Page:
Should P2P Website Operator Be Responsible for the Crime of P2P Downloader under Joint Criminal Enterprise Liability Doctrine? – A Comment on ezPeer and Kuro

Should P2P Website Operator Be Responsible for the Crime of P2P Downloader under Joint Criminal Enterprise Liability Doctrine? – A Comment on ezPeer and Kuro

 

Title
Should P2P Website Operator Be Responsible for the Crime of P2P Downloader under Joint Criminal Enterprise Liability Doctrine? – A Comment on ezPeer and Kuro
Author
Hui-Fang Tsai
Keywords
P2P services, P2P website operator, co-perpetration, coperpetrator, joint criminal enterprise liability, unauthorized reproduction
Abstract
Recently, the most important criminal copyright case is Kuro, in which the
Kuro operators and a downloader were found guilty as co-perpetrators in the
commission of the unauthorized reproduction offense. The Kuro court’s decision
is important not only because it discusses the issue of the liability of peer-to-peer
(P2P) downloader but because it is different from the ezPeer decision concerning
the liability of P2P website operators. Unquestionably, the split between the
ezPeer and Kuro cases has generated many debates. The focus of inquiry in the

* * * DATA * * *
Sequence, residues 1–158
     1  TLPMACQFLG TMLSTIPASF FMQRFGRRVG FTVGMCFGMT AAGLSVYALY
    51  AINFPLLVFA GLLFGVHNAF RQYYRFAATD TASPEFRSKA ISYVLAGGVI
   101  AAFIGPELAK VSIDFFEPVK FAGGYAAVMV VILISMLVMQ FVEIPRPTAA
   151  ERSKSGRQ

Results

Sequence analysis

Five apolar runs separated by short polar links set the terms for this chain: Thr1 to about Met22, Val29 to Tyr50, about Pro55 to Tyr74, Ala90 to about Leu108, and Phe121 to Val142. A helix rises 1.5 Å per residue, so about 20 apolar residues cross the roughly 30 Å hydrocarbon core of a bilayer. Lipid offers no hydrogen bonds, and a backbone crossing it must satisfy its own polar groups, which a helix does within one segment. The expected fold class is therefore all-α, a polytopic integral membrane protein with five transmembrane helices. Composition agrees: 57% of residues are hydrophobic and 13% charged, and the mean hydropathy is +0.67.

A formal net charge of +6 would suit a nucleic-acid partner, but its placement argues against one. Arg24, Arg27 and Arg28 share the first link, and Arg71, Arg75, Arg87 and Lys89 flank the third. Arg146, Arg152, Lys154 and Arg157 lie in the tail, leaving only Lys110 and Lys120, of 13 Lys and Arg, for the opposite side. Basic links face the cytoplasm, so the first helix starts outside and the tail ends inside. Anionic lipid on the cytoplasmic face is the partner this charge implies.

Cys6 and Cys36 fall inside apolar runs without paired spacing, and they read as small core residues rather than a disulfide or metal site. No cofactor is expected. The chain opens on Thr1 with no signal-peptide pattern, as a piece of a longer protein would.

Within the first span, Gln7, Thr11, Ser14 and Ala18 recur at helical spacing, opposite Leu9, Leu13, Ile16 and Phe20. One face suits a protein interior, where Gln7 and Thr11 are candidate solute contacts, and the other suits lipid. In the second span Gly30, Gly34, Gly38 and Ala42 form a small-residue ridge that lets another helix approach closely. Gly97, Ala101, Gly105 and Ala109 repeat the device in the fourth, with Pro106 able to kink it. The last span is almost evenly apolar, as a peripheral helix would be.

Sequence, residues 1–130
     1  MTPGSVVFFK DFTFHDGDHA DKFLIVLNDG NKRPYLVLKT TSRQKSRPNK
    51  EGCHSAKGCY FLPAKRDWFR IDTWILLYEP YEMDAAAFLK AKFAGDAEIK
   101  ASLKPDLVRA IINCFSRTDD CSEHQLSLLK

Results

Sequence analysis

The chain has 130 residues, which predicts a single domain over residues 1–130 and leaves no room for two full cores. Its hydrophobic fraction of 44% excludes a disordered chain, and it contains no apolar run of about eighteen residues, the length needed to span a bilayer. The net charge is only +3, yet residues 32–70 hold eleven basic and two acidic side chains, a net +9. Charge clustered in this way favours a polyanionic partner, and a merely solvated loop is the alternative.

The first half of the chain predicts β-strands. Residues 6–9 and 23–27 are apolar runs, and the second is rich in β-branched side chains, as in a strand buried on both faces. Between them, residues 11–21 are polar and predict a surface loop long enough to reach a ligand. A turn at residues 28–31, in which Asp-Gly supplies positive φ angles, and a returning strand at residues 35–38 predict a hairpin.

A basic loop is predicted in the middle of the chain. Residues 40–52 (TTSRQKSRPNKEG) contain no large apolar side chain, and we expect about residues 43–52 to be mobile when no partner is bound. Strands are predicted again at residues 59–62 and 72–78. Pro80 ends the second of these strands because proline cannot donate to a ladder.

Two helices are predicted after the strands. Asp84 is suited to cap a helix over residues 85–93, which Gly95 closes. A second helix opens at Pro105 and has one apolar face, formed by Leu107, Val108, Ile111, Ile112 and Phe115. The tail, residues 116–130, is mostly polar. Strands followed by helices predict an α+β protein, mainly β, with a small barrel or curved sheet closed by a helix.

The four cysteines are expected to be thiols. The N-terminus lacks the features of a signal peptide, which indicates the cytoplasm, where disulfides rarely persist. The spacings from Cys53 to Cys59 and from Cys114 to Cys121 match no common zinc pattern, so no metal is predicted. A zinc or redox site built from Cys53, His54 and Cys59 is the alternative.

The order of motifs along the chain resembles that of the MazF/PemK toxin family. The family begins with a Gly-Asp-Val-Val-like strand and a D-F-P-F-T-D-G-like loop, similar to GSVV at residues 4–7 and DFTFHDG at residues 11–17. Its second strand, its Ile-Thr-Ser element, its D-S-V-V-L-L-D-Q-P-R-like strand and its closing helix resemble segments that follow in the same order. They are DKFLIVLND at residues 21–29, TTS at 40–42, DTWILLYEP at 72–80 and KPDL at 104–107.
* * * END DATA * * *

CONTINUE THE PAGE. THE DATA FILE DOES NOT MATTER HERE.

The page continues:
article is whether P2P website operators shall be punished as a co-perpetrator in a
joint criminal enterprise directed to commit the unauthorized reproduction
offense. For purposes of simplicity and clarity it is assumed here that a P2P
downloader commits the unauthorized reproduction offense.
This article begins with a discussion of the meaning of “Co-perpetration”
within Article 28 of the Taiwan Penal Code, providing an understanding of joint
criminal enterprise liability as a background for the following case discussions.
In addition to the two requirements, including agreement to reach a common goal by coordinated co-operation and joint control over the criminal conduct, this
article further proposes the following requirements for criminal enterprise
liability: (1) the intent to commit with the other perpetrators; (2) the intent to
make use of the other perpetrators’ commission of an offense; (3) material
contribution to the execution of criminal conduct.
Next, this article reviews the opinions of the ezPeer and Kuro cases in
determining the criminal joint liability of P2P website operators. It then argues
that the Kuro court fails to prove, beyond a reasonable doubt, an agreement
between the Kuro operators and a downloader. It concludes that the mere fact that
the P2P operators provide P2P services with knowledge of unauthorized
reproduction no longer will suffice to generate criminal enterprise liability.
Abstract Article

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